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Elements of Christ’s Memorial

August 2, 2016 by  
Filed under Book Club, Sarah Reinhard

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Life of Christ (Week 17 of 27)

To be honest, I've never given much thought to the why of bread and wine for Mass. Why do we use bread and not olives or hummus or crackers? Why do we use wine and not water or milk or beer?

Leave it to Fulton Sheen to smack me across the head with an explanation that not only explains it beautifully, but that also inspires further reflection.

I'll be breaking up a paragraph that particularly struck me from Chapter 36 (around the 12th or 13th paragraph, by my count).

Why did Our Blessed Lord use bread and wine as the elements of this Memorial? First of all, because no two substances in nature better symbolize unity than bread and wine. As bread is made from a multiplicity of grains of wheat, and wine is made from a multiplicity of grapes, so the many who believe are one in Christ.

We call it Communion, after all, so bread and wine as symbols of unity seems to be obvious. And yet…I find myself floored by it. It's so obvious! And yet…

When I think of it in a slightly different context, where bread has been replaced with pizza and wine could be Coke or beer, then I start to better live in this reality.

Those people on the other side of my family, the lady who wouldn't scoot over for us to have an end spot, and the guy who always turns around and plays with the toddler: they're no longer just other people at Mass, are they? They're believers: they're one with me!

Bread and wine: proof that those as different as me and that person three rows over can be ONE. The miracle of the Mass stretches before me, a promise of so much more than holding hands and fuzzy feelings. It is, instead, an eternity fulfilled.

Second, no two substances in nature have to suffer more to become what they are than bread and wine. Wheat has to pass through the rigors of winter, be ground beneath the Calvary of a mill, and then subjected to purging fire before it can become bread. Grapes in their turn must be subjected to the Gethsemane of a wine press and have their life crushed from them to become wine. Thus do they symbolize the Passion and Sufferings of Christ, and the condition of Salvation, for Our Lord said unless we die to ourselves we cannot live in Him.

Though I have a strongly agricultural background and even dabble in rural farm life now, it never cross my mind that bread and wine have to suffer to become what they are.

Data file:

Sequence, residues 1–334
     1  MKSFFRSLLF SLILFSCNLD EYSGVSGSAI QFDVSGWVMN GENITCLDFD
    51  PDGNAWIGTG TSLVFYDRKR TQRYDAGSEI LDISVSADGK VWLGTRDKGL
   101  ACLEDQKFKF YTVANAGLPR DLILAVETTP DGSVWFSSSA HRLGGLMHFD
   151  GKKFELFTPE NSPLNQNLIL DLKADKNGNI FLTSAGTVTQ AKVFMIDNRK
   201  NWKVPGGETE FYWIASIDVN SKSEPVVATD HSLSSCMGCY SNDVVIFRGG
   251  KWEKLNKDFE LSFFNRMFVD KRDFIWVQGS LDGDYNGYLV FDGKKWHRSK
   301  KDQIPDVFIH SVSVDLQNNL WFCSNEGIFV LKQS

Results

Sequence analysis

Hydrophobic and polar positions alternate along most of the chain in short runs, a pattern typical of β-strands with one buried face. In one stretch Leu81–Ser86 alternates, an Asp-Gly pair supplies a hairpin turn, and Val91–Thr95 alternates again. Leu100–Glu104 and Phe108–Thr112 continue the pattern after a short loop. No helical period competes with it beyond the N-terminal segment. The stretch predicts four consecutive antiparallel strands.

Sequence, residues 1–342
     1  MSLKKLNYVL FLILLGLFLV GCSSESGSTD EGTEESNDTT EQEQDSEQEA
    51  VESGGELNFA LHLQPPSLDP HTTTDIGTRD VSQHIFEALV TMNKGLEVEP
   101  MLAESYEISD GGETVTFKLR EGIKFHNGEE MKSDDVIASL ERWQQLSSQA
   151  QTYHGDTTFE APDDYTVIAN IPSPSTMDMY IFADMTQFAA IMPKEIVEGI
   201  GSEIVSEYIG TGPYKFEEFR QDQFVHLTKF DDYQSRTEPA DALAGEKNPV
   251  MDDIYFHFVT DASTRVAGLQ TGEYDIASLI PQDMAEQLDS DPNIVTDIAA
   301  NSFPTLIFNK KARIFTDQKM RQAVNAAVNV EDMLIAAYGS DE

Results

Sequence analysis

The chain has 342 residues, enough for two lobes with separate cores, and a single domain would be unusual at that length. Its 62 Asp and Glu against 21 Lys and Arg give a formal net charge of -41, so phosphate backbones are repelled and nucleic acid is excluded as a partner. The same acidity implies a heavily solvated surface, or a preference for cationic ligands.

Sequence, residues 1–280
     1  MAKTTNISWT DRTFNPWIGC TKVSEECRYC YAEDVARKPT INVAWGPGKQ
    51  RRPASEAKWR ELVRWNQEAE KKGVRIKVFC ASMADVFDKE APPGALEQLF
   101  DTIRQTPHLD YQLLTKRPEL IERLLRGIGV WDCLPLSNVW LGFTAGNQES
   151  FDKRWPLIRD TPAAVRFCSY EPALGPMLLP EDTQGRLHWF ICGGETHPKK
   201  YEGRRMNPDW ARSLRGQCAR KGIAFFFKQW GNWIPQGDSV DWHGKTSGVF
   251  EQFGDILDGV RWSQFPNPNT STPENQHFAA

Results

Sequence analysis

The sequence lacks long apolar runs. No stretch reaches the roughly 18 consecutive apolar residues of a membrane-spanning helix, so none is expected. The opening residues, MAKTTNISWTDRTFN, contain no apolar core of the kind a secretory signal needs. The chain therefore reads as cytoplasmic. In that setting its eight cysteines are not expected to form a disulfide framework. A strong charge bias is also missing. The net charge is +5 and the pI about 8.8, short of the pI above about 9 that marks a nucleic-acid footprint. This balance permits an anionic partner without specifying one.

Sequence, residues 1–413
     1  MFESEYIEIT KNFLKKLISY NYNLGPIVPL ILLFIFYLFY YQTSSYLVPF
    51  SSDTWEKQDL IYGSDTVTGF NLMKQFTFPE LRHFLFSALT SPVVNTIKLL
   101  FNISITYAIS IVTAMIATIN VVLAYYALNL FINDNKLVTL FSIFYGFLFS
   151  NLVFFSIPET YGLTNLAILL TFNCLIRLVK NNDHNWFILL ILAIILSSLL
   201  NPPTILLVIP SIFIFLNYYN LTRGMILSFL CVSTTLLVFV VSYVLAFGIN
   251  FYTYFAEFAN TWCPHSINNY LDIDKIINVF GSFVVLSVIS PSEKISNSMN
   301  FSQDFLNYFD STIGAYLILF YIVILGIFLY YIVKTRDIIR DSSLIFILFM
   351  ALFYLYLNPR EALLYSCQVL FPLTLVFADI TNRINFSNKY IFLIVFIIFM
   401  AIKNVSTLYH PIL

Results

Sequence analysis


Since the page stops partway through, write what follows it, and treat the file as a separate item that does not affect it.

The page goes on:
Suddenly Mass, that small participation we have in the heavenly banquet, becomes less about a particular set of actions and more about a state of mind. And just as suddenly, those two simple, humble foods we share — bread and wine — are reminders of the price Christ paid…for me, for you, for that lady beside me and the kid behind me.

And when I'm home, struggling along with whatever hilarity or chaos has me clutching my rosary, I can think of Christ within me — literally within me — and the suffering that that wheat went through to become the bread that became my Savior.

A third reason is that there are no two substances in nature which have more traditionally nourished man than bread and wine. In bringing these elements to the altar, men are equivalently bringing themselves. When bread and wine are taken or consumed, they are changed into man's body and blood. But when He took bread and wine, He changed them into Himself.

What makes me what I am? At the most basic level, it's the food I eat, which nourishes me and helps my body build cells and regenerate and stay alive. That food, eaten and crushed and digested, becomes part of me.

And there's the thing that makes me pause: I eat Jesus in the Eucharist. So He's part of me, too, in a way that's intimate and more than a little unnerving when I stop to think about it.

That same Jesus took bread and wine, among the most normal and ordinary materials, and transformed them into Himself.

Just bread and wine. The same regular, everyday ingredients. Nothing special.

Until he made them special.

And isn't that just like God? Not only does he create things beyond our imagining, but he also makes the ordinary and everyday into miracles.

The bread and wine are me; I am the bread and wine. The Bread and Wine are Him, and through some miracle, He is in me.

I don't know about you, but that gives my day a whole new perspective.

Reading Assignment:

Chapters 38-39

Discussion Questions:

1. How do the elements of Christ's memorial, bread and wine, change your perspective of both Mass and life?

2. When you attend Mass next, how will your mindset be changed after Communion?

Feel free to comment on anything from our assignment this past week!

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About Sarah Reinhard

Sarah Reinhard continues to delight ”and be challenged by” her vocations of Catholic wife and mother. She's online at and is the author of a number of books for families.

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